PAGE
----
WiseGuy wrote:Sigh! AndyH: to get the true maximum installed capacity of a battery pack (in Wh), you multiply the nominal cell voltage with the max cell capacity and then the total number of cells (regardless if they are in series or parallel). For the Leaf, this gives us 24kWh.
The fact that we only use a limited voltage window to prolong life and enable power capability, means that the useable energy is LESS than the 24kWh install capacity.
I suggest you do some maths & "design" your own pack using the cell data of the Leaf (or any other cell). You'll quickly realise that 24kWh is the true installed capacity (unless there's an error on the published discharge curve ...)
Thank you for your advise WiseGuy.
The fact is I DO work with lithium daily, build packs, and perform road and bench testing. I do understand the math. I'm also capable of reading the display from the equipment I use to run charge and discharge tests.
If one has a 1 litre container but chooses to only use 80% of the capacity, then I completely agree with your assertion that they would be only drinking 800ml of water.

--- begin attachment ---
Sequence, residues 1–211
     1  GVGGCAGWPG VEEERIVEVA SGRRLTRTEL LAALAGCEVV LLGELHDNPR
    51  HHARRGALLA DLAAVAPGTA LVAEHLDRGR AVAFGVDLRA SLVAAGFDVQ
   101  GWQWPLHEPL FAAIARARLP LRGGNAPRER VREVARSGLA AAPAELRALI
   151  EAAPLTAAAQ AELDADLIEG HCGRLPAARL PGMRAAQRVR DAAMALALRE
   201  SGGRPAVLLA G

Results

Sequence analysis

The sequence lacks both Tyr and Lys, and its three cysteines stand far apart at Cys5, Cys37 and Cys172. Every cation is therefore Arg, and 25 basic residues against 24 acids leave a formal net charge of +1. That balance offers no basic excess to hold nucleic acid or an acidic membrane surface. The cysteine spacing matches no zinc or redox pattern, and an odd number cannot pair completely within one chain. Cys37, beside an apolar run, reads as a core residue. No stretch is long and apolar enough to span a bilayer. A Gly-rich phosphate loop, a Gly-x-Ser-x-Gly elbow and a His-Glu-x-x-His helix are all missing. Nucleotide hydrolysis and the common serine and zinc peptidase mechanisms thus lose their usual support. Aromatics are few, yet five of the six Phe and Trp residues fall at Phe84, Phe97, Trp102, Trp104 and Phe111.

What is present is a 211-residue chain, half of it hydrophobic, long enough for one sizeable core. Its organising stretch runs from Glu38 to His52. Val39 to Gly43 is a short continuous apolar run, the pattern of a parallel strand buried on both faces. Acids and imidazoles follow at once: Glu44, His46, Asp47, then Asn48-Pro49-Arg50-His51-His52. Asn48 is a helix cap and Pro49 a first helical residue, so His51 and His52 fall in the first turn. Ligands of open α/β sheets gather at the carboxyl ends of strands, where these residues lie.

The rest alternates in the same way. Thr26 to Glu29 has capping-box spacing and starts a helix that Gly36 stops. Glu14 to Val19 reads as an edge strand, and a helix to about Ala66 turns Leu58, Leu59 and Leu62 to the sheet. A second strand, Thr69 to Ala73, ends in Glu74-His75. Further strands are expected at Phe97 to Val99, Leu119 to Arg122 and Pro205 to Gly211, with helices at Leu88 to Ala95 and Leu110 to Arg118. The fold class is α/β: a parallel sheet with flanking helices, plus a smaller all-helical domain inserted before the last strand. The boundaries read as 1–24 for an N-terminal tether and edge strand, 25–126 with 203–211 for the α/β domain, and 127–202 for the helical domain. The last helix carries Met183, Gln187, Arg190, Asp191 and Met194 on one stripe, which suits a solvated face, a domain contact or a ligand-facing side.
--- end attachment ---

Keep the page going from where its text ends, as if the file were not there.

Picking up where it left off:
However...if one starts with a 1.25l container and uses 80% of the capacity, the thirsty lab tech can drink 1l of water.
The info published by AESC show the derated, lower capacity, long-life numbers - not the ultimate capacity of the cells. We know that because we have the allowable voltage range from the car's management system - and the numbers used in the AESC graphs match the voltage limits used in the car. We also know that trying to pull 100% capacity from a lithium cell guarantees a very, very short cycle life - not good for the folks holding the warranty.
In addition, Nissan reports 24kWh usable with a total capacity that is proprietary. AESC reports 24kWh. End-users that have run the battery flat use more than 26kWh to recharge. Ingineer has pulled info on cell capacity from the car using the Nissan scan tool - this also confirms an end-user capacity in excess of 24kWh.